Many people dislike the Dave Matthews Band because of their fans. This is silly, first because it’s unfair to dislike a band for its fans, and second because there’s plenty of reason to dislike DMB for their music alone. Matthews’ rambling and inconsistent songwriting, the band’s self-indulgent musicianship, and the crass sentimentalism of the lyrics are often reason enough.
I don’t mean to sound whiny or quarrelsome, but readers ought to know that like any critic I’m no totally impartial judge. It’s certainly defensible if you like them, but some of us would prefer not to be told we lack musical taste for thinking DMB’s more exquisite disasters (“Proudest Monkey” or “Crash into Me,” for example) are the worst crap imaginable.
This isn’t to say that they can’t at moments be very good. The rhythm section of Stefan Lessard and Carter Beauford has always been extraordinary, Boyd Tinsley’s manic violin playing always gripping, and Matthews’ voice always supple. When Matthews’ songwriting matches his band’s virtuosity, as in “Crash”‘s “Two Step,” they have few peers and even fewer betters. And in their memorable cover of “All Along the Watchtower,” the combination of Dylan’s song and DMB’s technical skill is nothing short of amazing.
Their new album, “Everyday,” sounds nothing like their past releases, and this is precisely why it’s so good. The band no longer shies away from power chords and tight song structure. Best of all, no tracks are filled out with long, boring violin or sax solos, or meander, without direction, past all good taste and reason into the realm of the soporific. More than that, “Everyday” is very catchy. Memorable hooks were lacking in DMB’s past two studio albums, especially “Before These Crowded Streets,” but they’re everywhere on this record. “What You Are” and “So Right,” which seems destined to be a hit single, are particularly hard to get out of your mind.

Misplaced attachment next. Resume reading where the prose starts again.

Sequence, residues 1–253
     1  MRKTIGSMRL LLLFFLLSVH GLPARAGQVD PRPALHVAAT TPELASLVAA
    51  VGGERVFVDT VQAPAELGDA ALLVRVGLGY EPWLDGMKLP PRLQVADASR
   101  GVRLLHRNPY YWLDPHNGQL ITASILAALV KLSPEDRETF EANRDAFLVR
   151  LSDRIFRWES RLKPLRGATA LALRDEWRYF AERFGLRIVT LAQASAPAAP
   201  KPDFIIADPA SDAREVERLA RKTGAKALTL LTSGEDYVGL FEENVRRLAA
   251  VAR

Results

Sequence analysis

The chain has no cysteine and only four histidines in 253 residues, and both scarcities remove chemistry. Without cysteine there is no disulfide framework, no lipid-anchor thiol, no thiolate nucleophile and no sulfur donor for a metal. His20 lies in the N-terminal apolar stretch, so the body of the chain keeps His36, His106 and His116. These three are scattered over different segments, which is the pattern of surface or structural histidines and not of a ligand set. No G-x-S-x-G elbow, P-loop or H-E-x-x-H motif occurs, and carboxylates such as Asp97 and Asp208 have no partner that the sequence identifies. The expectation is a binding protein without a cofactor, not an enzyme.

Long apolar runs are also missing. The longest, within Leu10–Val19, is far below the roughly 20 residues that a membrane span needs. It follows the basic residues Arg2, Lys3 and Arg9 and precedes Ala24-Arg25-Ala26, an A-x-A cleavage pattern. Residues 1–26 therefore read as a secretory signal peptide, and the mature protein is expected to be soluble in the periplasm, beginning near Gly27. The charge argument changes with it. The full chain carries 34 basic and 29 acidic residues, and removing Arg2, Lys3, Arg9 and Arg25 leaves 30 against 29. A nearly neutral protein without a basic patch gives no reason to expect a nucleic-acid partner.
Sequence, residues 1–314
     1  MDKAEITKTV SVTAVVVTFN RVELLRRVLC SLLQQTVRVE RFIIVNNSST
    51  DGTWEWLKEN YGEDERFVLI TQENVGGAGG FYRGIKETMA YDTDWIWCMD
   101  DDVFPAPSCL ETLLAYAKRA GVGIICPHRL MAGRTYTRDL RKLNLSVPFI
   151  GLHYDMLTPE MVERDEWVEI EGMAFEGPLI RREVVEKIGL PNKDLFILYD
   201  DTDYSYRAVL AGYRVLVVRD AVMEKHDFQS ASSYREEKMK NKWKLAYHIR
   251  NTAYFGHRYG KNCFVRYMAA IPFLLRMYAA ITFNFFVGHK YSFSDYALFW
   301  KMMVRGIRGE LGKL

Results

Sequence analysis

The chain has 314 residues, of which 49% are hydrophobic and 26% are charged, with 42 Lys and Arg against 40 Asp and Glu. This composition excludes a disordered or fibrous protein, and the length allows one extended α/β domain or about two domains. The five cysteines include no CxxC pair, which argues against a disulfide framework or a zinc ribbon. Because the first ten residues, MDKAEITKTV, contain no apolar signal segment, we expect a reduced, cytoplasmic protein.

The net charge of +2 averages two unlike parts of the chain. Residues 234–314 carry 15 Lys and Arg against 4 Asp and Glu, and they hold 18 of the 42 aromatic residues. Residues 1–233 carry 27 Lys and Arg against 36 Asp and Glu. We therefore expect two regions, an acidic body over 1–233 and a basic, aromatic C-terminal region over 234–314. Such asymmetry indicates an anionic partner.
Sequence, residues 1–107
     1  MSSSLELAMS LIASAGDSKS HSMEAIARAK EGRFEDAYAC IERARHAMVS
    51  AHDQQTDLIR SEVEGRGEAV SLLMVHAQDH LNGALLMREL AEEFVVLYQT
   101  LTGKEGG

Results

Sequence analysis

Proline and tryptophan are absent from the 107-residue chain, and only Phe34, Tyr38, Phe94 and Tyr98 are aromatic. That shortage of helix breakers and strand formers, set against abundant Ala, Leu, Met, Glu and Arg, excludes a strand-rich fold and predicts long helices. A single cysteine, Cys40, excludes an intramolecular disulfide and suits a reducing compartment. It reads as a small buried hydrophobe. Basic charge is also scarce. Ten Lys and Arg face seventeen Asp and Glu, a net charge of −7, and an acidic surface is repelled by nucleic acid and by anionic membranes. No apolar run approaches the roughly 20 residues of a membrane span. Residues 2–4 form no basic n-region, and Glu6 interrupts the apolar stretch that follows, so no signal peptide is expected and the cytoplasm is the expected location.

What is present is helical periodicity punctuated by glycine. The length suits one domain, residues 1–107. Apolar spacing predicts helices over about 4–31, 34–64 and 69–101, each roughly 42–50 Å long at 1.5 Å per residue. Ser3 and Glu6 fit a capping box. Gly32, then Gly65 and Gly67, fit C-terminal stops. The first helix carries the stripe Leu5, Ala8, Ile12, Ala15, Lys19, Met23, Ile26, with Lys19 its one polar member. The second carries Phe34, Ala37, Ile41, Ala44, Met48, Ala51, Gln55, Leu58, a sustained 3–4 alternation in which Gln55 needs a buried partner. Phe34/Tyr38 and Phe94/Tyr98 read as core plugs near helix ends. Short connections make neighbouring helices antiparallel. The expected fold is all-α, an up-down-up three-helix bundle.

But Matthews hasn’t got over his addiction to the shamelessly corny. This makes for a few terrible songs. “Angel,” if you except Creed, Christina, Britney and the various boy bands, is perhaps the worst song I’ve heard in the past year. Matthews has a Hallmark-card soul, and “Angel” sounds like a slightly raunchy Hallmark card. “Why do I beg like a child for your candy?” Dave wails, with what sounds like John Tesh piano stylings in the background. And whenever LeRoi Moore enters with a sax riff, the song seems like a porn soundtrack for the prep-school set. “Sleep to Dream Her” is also quite bad, because, unlike most of the other songs, it lacks force. The verses drag, and the arrangement tries to make up for it with synthesizers and other sonic curlicues. It doesn’t work, though, and the track ends up being an over-elaborate bore.
One pleasantly surprising thing about “Everyday” is that it attains a successful brand of white-boy funk that “Crash” and “Crowded Streets” attempted but failed at miserably. “When the World Ends” is an example of this. With the best bass line I’ve yet heard in a Dave Matthews song, Lessard’s formidable talent comes to the fore, helped out in no small part by Beauford. The song’s funkiness also lets Moore’s saxophone seem appropriate, whereas in other places it often sounds out of place and added merely as an afterthought. For his part, Matthews avoids saccharine love lyrics in favor of simple lust, and it works: “Your legs don’t work ’cause you want me so / You just lie spread against the wall,” he croons. It’s a welcome change.
Most importantly, “Everyday” just rocks. Matthews has thrown away the pot and patchouli oil and strapped on some leather pants and bought himself a bottle of scotch. Musically, this album turns away from loose and lazy songwriting in the style of the Grateful Dead and replaces it with the straightforward hard rock of “Led Zeppelin II” and Aerosmith’s “Toys in the Attic.” The concept is hardly original, but in the hands of such talented musicians, the style is reborn.
This is surely the Dave Matthews Band’s best album so far. It does remain to be seen if the fans of his earlier material will like it, but if they don’t, it doesn’t much matter. The band will deservedly gain new fans with this new release, after all. And Matthews will also gain more critical plaudits, too – provided he never goes back to what he was doing before, and keeps putting out albums that have as much force and drive as “Everyday.”